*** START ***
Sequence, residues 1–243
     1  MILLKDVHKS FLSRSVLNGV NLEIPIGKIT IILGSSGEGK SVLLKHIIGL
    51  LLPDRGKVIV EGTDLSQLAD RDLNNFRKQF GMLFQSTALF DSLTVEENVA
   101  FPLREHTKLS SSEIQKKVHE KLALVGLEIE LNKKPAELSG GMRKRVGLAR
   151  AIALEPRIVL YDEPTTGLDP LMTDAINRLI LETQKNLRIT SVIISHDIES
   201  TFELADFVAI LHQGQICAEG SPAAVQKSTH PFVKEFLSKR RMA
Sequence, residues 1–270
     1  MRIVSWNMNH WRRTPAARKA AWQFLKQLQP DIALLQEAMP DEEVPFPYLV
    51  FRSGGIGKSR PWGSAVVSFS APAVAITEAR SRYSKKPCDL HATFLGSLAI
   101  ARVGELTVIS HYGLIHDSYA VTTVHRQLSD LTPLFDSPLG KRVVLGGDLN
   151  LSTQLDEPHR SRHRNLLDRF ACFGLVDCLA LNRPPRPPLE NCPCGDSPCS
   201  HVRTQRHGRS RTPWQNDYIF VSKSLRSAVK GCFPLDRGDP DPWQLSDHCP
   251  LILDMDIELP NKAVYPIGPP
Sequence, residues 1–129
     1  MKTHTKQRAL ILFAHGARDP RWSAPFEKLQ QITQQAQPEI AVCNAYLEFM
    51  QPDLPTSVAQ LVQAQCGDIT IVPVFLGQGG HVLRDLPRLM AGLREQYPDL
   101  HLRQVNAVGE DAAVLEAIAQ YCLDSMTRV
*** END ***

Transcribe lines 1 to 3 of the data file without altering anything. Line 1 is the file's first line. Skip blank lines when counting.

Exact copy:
Sequence, residues 1–243
     1  MILLKDVHKS FLSRSVLNGV NLEIPIGKIT IILGSSGEGK SVLLKHIIGL
    51  LLPDRGKVIV EGTDLSQLAD RDLNNFRKQF GMLFQSTALF DSLTVEENVA